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Gina

Gina

Greyhound

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  • Photo of Gina, a Greyhound  in Incheon, Incheon, South Korea Photo of Gina, a Greyhound  in Incheon, Incheon, South Korea

“Gina and her littermates were destined for slaughter in the meat trade of South Korea. A rescuer was able to purchase the puppies and their mother. In the care of the rescue, they fought battle with distemper which unfortunately took some siblings' and mom's lives. Gina and 3 littermates later flew to USA/Canada and she came into my foster care where she did further battle with canine influenza and a bacterial infection. I was unable to let her leave my foster care and adopted my dearest girl!”

Instagram tag
@galley.trot

Place of Birth
Incheon, Incheon, South Korea
Current Location
Windsor, Ontario, Canada
From
Detroit, MI, USA

This dog has been viewed 2277 times and been given 32 wags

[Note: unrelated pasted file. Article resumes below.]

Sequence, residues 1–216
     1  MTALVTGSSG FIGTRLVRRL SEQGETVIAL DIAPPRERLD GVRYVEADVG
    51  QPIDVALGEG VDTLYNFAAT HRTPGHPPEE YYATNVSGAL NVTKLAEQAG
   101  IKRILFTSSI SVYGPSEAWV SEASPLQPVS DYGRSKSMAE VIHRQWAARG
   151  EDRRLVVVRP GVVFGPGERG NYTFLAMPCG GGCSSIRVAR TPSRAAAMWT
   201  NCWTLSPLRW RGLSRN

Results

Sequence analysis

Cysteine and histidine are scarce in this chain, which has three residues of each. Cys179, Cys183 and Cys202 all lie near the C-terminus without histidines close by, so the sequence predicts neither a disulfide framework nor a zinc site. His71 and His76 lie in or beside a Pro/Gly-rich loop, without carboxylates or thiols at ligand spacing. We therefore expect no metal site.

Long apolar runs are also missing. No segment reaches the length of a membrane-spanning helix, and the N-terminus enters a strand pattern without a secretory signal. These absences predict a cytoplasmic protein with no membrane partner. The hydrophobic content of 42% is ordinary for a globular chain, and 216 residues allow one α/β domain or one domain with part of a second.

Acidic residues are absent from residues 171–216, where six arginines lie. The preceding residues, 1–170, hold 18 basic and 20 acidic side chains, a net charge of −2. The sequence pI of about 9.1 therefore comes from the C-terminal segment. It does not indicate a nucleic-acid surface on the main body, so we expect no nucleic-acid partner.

Genetic Breed Result

Learn how it’s done

Greyhound

Gina

embk.me/i/gina13
Greyhound Greyhound
The Greyhound is a breed unmatched in speed. This ancient dog has been used for hunting and racing, but they make wonderful companions. Surprisingly, this breed is often described as a couch potato!
Learn More
Start a conversation! Message this dog’s humans.

Genetic Stats


Wolfiness

0.9 % MEDIUM Learn More

Predicted Adult Weight
Genetic Age
38 human years Learn More
Based on the date of birth provided

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Explore by tapping the parents and grandparents.

Our algorithms predict this is the most likely family tree to explain Gina’s breed mix, but this family tree may not be the only possible one.

Health Summary

Good news!

Gina is not at increased risk for the genetic health conditions that Embark tests.

Breed-Relevant Genetic Conditions

Polyneuropathy, NDRG1 Greyhound Variant

Identified in Greyhounds

Malignant Hyperthermia

Identified in Greyhounds

Additional Genetic Conditions


Clinical Tools

Explore the genetics behind your dog’s appearance and size.
Base Coat Color

Base Coat Color

Dark or Light Fur